We are counting down to the first Moonfire Pulse event in London on May 19th where we are inviting our portfolio, investors and all those who helped us build Moonfire. It’s a community event but we only have place for 100 participants so unfortunately places are limited. We would love to see you all there so please let us know here if you are interested in joining us either in person or virtually.
This month, we’ve got lots more to share, including our research on the Passion Economy and some very exciting portfolio announcements. One of the highlights of last month’s letter was the unveiling of our open source Tokenomics code and data repository on GitHub!
New Raises in the Moonfire Galaxy!
We’re excited to announce that two of our portfolio companies have raised exciting new rounds.
GOALS is a ground-breaking new football game shaking up a category that has been in the thrall of FIFA’s hegemonic grip for far too long.
Led by Andreas Thorstensson, the e-sports legend well known to Counterstrike aficionados as ‘bds’, GOALS will be free to play with cross-play, a multiplayer-focus and e-sport ready on launch day.
The game's economy is built around NFTs, with players owning their assets and trading them freely. You can read more here or join their discord here to chat with the developers and the thriving community. They have an incredible team and Moonfire are very excited to continue our support of Andreas and the team as part of this latest funding round. Read more about them on Sifted here.
We are also delighted to announce that Oliva has raised a seed round and we’re proud to support them in the journey to provide unparalleled mental health support for employees.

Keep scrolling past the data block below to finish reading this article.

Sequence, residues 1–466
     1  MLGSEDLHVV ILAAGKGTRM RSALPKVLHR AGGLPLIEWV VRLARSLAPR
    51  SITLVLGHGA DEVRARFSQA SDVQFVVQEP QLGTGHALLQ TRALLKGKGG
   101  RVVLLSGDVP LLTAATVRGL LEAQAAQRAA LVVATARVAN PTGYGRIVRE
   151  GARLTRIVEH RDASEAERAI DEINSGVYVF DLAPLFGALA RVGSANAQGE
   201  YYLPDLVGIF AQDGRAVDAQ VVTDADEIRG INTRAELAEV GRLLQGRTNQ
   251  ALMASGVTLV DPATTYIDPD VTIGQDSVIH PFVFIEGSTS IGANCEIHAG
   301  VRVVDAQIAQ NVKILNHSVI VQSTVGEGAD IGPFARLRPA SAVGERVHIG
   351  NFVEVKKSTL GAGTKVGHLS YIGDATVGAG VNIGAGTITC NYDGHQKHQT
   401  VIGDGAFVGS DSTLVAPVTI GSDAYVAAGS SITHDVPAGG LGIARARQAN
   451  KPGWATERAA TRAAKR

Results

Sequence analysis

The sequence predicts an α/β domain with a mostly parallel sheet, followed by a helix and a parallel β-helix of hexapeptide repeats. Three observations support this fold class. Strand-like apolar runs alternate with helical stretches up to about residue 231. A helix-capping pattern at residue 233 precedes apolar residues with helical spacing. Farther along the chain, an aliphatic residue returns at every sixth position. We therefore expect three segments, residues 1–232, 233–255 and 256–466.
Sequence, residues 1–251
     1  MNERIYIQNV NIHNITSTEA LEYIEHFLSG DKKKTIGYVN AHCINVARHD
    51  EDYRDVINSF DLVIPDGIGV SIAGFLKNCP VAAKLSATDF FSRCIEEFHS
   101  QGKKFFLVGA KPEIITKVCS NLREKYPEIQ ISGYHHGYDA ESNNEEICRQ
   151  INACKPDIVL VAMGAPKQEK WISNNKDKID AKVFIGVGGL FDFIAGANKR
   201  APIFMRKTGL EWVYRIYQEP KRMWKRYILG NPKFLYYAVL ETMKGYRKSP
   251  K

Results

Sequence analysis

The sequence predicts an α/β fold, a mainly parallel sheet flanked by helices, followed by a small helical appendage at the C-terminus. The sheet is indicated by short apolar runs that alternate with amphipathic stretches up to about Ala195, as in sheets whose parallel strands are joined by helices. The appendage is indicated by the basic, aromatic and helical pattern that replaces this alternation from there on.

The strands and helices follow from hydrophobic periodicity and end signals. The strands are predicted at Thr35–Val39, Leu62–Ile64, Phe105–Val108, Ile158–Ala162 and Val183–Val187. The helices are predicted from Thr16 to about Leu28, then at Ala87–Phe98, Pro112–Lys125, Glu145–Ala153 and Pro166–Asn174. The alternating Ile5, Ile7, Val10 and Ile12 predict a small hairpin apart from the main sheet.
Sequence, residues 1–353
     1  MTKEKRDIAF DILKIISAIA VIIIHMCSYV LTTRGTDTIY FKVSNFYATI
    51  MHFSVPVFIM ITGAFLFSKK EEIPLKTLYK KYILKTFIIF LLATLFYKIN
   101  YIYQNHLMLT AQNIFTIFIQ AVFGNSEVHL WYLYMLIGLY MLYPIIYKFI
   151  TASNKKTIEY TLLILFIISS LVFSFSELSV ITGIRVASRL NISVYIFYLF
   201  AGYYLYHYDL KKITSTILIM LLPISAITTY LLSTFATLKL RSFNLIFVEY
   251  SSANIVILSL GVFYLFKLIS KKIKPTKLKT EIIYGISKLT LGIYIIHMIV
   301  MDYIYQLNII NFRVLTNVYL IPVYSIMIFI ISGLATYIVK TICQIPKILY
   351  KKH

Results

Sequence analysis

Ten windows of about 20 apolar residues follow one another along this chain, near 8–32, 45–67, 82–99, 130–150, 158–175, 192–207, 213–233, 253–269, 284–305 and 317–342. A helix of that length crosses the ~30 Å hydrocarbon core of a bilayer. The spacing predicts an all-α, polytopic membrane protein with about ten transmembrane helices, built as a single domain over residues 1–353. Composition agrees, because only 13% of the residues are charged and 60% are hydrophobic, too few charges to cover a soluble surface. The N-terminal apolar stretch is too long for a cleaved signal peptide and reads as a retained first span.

Oliva is a platform providing mental health support to employees through curated care done by real humans, dedicated training & workshops, and a hassle-free digital experience. During the pandemic this has become such a pressing need and we fully support Javier and Sançar’s mission to help increase access to crucial care in a personalised manner.
That’s all for portfolio news but rest assured we have more announcements coming soon!
The Passion Economy: Empowering the Creators of the Future
The world of work is constantly evolving, now more so than ever. Workers can choose how they want to work, until what age, what hours and even how they are paid. However, within this nascent sector of the labour market, we are seeing a divergence between the freelancers of the gig economy, which we have written about here, and creatives who operate within the passion economy.
Coined by Li Jin, a former partner at a16z, the passion economy is about harnessing creators’ individuality (e.g. visual content creation or skills in playing video games or even ex-financiers recording podcasts about investment tips), whereas gig economy surrounds monetising narrow, often commoditised services (e.g. food delivery or transportation). Whilst the gig economy flattens individuality and creativity, the passion economy allows it to flourish.
The passion economy comprises those who are empowered to financially sustain themselves through their “passions” or a set of broader creative skills they have.
And it is a popular ideal. Today, more than 50 million people worldwide consider themselves as creators [Source]. A 2019 survey shows that a third of American and British children wanted to be YouTube stars as a career choice [Source]. The global creator economy surpassed $104 billion in market size in 2021 [Source].
The opportunity for the passion economy is to create a new economic paradigm for digital creators. The real question is if it is possible to break the centuries-old belief that extraordinarily few people are able to feed their bellies from their creation. Can the passion economy democratise and enable the long tail of creators to exist and thrive in this new world? Will the passion economy thrash the elite nature of the creative world or just recreate it anew?
Over the years, the passion economy has provided a multitude of success stories: in the podcast world like with Tim Ferris (tech broadcaster) and Joe Rogan (broadcaster); on social media with TikTok stars like Addison Rae (dancer) and YouTube creators like Alisha Marie (fashion & beauty). Even independent journalism is seeing a revival with Substack writers like Emily Atkin, Matt Stoller or David Sirota, who cover hard hitting stories on climate, monopoly power and corruption.
Whilst these markets are liable to become winner-takes-all economies, where a small percentage of creators get most of the revenue, the passion economy can provide for those with smaller follower numbers, particularly if they find a good niche.